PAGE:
Nonetheless, many activists are refusing to give up the fight for climate justice. Rather than meeting on the streets, young protesters have taken to ‘digital striking’ via video conferencing software Zoom. The strikers have also been posting photos of themselves online, holding a placard accompanied by #DigitalStrike or #ClimateStrikeOnline. In Bristol, climate activism group Extinction Rebellion have also moved online, holding weekly meetings and discussing the fight against climate change in a new, post-pandemic world. Some say activists say that the pandemic has forced them to adopt a more global approach – an absolute necessity if global warming is to be curbed.
Meanwhile, the UN have urged leaders to ‘build back better’ after the coronavirus is brought under control; Secretary-General António Guterres has since stressed that governments ought not to use taxpayer money to bail out polluting industries. “Where taxpayers’ money is used to rescue businesses, it must be creating green jobs and sustainable and inclusive growth,” he said. In the UK, government advisers have warned ministers against sending us into yet another crisis. A recent Ipsos MORI poll suggested that public opinion was on their side: 66% of Britons surveyed believe that long-term climate change is as serious as COVID-19.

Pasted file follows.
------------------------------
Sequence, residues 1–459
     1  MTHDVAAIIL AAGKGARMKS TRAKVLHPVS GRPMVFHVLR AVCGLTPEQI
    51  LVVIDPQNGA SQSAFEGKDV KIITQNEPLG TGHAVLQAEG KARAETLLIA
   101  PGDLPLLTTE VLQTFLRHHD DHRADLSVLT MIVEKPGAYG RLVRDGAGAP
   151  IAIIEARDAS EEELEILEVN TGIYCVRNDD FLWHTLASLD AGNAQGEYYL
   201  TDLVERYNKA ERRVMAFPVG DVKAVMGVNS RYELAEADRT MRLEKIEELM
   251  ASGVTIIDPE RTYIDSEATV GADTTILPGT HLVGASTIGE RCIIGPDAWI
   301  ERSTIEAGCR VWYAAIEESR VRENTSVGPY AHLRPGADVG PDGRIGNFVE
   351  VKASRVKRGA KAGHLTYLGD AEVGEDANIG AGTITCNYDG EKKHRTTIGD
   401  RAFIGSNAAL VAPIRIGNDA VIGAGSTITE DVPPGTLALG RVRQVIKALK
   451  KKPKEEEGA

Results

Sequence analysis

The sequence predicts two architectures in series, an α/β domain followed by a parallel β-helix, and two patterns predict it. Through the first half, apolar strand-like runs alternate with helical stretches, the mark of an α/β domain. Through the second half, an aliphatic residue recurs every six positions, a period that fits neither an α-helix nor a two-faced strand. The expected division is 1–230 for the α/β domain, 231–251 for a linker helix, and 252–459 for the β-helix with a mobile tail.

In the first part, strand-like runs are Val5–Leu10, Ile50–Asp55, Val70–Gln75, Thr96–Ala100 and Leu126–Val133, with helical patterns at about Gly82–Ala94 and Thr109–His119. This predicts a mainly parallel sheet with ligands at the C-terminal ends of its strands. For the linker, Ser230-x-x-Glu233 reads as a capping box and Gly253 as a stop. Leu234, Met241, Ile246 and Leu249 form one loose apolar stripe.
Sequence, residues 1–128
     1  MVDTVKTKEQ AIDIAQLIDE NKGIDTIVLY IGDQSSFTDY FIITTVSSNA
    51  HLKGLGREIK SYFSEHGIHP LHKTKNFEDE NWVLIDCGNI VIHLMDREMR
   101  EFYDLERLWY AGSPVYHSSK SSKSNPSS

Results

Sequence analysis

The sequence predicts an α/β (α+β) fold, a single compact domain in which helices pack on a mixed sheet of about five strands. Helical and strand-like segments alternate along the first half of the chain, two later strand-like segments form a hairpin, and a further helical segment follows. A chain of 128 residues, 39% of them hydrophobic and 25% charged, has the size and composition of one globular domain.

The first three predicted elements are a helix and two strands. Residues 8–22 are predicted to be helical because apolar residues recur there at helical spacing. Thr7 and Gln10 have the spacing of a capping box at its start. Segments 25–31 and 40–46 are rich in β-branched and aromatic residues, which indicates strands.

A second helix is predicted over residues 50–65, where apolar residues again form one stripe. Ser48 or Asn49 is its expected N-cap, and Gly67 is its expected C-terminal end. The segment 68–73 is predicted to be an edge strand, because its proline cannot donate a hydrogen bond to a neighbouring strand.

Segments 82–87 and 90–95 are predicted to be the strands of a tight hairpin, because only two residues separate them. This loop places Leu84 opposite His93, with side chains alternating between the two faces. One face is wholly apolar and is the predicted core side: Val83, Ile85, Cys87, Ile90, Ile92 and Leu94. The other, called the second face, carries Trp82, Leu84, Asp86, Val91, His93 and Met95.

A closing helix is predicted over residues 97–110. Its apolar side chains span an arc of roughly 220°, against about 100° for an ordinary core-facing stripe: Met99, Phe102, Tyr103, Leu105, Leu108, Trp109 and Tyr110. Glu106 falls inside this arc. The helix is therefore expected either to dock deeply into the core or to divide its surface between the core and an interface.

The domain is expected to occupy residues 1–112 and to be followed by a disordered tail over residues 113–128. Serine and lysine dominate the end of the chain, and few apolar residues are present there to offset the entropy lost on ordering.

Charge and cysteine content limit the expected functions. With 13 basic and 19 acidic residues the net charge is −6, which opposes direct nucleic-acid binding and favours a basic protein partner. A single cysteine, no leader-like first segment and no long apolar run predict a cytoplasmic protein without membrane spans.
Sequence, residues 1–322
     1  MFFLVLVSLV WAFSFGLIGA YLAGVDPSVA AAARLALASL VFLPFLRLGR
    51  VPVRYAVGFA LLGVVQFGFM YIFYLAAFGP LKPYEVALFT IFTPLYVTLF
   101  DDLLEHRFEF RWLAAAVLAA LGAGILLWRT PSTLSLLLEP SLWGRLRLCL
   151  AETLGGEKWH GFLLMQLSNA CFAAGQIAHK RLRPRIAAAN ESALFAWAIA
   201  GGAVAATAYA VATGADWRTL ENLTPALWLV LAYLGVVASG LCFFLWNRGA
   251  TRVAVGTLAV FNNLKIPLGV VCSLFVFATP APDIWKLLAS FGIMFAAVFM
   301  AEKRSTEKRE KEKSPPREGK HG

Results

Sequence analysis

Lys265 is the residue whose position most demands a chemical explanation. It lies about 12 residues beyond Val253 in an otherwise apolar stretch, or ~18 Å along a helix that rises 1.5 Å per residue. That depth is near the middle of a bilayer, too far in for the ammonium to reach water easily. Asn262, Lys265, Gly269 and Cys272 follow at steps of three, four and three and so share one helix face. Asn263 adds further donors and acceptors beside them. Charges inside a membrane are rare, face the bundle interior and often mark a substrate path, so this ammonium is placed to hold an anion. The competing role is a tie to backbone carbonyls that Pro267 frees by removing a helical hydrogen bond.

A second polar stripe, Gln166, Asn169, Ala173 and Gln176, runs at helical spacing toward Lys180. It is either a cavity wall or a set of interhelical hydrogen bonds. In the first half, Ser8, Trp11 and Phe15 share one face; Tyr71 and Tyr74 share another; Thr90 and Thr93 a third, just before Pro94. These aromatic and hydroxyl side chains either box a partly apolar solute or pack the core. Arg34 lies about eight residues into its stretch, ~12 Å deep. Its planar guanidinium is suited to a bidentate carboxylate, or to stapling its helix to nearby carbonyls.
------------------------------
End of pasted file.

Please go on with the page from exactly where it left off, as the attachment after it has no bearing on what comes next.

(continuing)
But whether or not to prioritise the climate during our post-COVID economic recovery is likely to be a more polarising issue. Asked whether the government should take actions which could be environmentally harmful in order to help the economy recover, Brits were split 46 per cent to 43 per cent, with just slightly more valuing economic recovery at the potential expense of the environment. Globally, nearly two thirds agreed the climate should be prioritised.
Divisions over how to repair the economic damage of coronavirus are also playing out on the international political stage. In some cases, these debates could intensify existing political rifts. Will the UK join European leaders’ hope for a ‘green recovery’, or follow Donald Trump’s $25 billion commitment to bail out struggling airline companies?